Another way to save – especially suited for busy people – is to make a large pot of soup on the weekend, freeze part of it for another week, and use the remainder for a couple dinners and lunches for the upcoming week. It eliminates the temptation to go out and buy fast food because there's nothing ready.
So your wallet benefits from the savings, and your health benefits from healthier eating.
To save even more, you can make your own broth. It's not hard, and isn't as time consuming as you've been led to believe. You can experiment and personalize it to what you and your family enjoy. It creates a wonderful aroma as it cooks too.
Basic Bone Broth, as Easy as 1, 2, 3…
Thaw 2 to 3 pounds of beef soup bones or shanks, or ham shank, or a whole chicken with bones. Add a gallon or more of filtered water, 1½ teaspoon salt, ½ teaspoon pepper and 1 to 2 bay leaves.
Season with your choice of the following (or follow your own inclination): garlic cloves, carrots, celery, onion, leeks, parsley, basil, oregano, thyme and sage. Adding ¼ to ½ cup of vinegar or cooking wine can help pull minerals out of the meat bones into the broth.
[Note: You can make a vegetarian version by skipping the meat step and just adding the vegetables to the water, and simmer at least an hour.]
This can easily be done in an evening, letting it simmer while you do other things. It only takes a few minutes of actual prep time.
Your Ingredient Choices Make the Difference Between Mediocre and Great
You likely already know the difference between a small boutique restaurant that uses quality ingredients from local and organic farmers, and large chain restaurants where pre-packaged and reheated food is the norm. If you've ever eaten at one after the other, the hands-down winner is the one with the freshest ingredients prepared for you that day.
Follow suit when selecting ingredients for your soup. My advice is to purchase as much of your food as possible from local and organic farmers. This means your meat or soup bones, your vegetables and any milk products used in your soup (although I do not recommend highly heated milk).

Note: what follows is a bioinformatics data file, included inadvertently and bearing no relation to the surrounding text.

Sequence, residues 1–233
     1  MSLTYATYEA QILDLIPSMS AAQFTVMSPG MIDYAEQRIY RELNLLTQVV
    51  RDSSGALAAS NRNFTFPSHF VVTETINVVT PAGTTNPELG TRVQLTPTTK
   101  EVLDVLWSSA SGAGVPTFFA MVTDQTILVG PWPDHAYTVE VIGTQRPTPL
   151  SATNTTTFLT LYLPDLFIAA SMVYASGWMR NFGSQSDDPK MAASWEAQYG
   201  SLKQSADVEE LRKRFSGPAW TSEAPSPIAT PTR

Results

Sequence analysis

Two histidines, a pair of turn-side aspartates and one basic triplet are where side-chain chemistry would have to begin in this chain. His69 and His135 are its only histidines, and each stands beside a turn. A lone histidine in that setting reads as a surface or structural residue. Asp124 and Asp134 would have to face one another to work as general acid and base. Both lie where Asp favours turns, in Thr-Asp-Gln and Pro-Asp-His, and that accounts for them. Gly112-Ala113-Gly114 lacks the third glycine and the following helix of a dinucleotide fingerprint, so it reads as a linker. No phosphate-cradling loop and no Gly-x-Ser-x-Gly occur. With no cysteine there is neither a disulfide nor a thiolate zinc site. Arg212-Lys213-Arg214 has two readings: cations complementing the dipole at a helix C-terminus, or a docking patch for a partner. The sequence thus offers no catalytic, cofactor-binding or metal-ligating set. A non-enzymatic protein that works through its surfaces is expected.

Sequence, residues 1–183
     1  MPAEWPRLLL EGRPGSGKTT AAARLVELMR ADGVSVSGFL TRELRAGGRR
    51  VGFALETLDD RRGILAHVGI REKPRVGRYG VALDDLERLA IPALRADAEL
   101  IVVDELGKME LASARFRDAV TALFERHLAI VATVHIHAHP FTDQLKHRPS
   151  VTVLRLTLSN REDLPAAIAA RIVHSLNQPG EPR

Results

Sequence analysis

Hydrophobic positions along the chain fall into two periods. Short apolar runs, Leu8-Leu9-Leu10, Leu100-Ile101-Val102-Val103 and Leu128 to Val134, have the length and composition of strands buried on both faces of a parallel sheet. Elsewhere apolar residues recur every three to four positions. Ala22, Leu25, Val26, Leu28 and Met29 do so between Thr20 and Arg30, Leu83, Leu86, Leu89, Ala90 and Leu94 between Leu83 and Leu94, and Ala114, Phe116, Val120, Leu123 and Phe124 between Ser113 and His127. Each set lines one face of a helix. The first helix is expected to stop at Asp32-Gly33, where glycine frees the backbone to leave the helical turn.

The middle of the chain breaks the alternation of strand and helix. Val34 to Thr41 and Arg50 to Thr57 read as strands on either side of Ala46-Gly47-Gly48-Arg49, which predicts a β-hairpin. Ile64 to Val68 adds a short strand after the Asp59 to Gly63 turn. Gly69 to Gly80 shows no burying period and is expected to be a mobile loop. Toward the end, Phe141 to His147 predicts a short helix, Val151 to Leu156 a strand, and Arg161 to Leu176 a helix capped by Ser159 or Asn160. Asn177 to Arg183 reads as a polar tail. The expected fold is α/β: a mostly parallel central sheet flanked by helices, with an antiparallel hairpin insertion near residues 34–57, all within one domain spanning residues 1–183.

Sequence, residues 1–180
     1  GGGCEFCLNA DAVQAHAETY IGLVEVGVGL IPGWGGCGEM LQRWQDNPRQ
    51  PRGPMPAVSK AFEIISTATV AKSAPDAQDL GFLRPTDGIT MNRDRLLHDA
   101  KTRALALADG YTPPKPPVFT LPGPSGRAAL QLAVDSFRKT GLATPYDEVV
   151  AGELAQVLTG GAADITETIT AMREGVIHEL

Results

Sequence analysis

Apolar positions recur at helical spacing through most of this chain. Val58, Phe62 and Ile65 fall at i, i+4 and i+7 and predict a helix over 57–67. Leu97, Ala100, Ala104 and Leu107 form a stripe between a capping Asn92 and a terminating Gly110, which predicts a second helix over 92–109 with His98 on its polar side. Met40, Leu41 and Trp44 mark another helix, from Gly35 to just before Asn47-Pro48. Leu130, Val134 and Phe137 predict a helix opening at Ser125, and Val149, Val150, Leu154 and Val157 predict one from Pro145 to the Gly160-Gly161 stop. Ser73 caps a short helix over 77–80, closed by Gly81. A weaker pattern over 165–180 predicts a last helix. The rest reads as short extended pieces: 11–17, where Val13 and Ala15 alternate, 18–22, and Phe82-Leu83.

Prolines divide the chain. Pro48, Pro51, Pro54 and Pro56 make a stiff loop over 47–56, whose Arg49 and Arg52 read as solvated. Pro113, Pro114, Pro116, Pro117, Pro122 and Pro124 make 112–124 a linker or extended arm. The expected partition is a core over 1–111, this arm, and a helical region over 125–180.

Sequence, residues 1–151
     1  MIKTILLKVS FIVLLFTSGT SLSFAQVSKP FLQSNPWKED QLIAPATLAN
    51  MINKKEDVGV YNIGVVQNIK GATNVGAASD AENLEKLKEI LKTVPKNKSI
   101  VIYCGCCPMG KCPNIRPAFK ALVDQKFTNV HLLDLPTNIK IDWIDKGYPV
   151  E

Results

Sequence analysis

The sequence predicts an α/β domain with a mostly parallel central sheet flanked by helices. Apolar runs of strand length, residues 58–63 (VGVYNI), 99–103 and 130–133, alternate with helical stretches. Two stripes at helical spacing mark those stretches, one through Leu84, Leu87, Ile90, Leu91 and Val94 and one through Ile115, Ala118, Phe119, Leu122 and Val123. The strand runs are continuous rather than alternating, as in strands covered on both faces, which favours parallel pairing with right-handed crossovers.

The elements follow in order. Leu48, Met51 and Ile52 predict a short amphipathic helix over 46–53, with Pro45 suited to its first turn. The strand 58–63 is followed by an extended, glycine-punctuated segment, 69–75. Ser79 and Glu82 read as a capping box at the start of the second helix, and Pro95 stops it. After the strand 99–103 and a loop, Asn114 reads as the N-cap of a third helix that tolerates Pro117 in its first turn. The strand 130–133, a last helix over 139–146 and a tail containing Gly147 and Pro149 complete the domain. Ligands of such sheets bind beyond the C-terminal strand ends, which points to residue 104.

You will save a lot of money, not to mention maintaining control over your ingredient quality, by making your own broth instead of paying inflated prices for liquids shipped across the country which often contain MSG and other harmful additives.
A good broth defines a chef as much as a great sauce does. That means you'll be using and experimenting with seasonings also. Buy the best you can afford, preferably not irradiated. Realize that a little seasoning goes a long way, so it may be very much worth the investment for higher quality.
And one more thing…
Make Sure the #1 Ingredient Is Really Healthy
What's the highest-volume ingredient when making your soup broth?
Water, of course.
But did you know?
If you use ordinary water, your broth may not taste as good – and you could also be elevating your health risk.
You see, chlorine is used in municipal water supplies to kill hazardous bacteria in your water and in the pipes that bring it to your home. Strong evidence indicates that the disinfection byproducts (DBPs) that come from chlorine can be far more harmful to your health than the chlorine itself.
DBPs form when chlorine interacts with organic matter, resulting in what's called trihalomethanes (THMs) and haloacetic acids (HAAs), resulting in potential health issues.
These DBPs can be up to 1,000 times more toxic than the chlorine itself. And unfortunately the simmering process in making your broth doesn't necessarily remove the DBPs. It may even end up concentrating them more.
Therefore, I recommend you use a quality water filter for your drinking and cooking water, to remove DBPs, chlorine, fluoride and heavy metals.
Why ruin a perfectly great pot of soup with water that can hurt you?
If you want more information on water filters, just use the search engine on my site.
This Is the Soup I Recommend You Avoid
I do not recommend eating packaged foods. Put simply, doing so gives you no control over the ingredients. Or the quality of the ingredients.
For example, nearly every meat soup is prepared with factory farmed meats, complete with antibiotics and potential dangers.
The veggies and other ingredients are probably far from organic, sprayed with harsh pesticides you'd prefer to avoid. And you don't even know how fresh they were when cast into this mix. Plus, conventional milk or cream based soup is likely to be contaminated with rBGH.
What's more, canned soup is usually loaded up with artificial ingredients, including but not limited to genetically modified foods, MSG, soy and more. Then, they add a lot of sodium and put it in cans containing BPA that can do even more harm.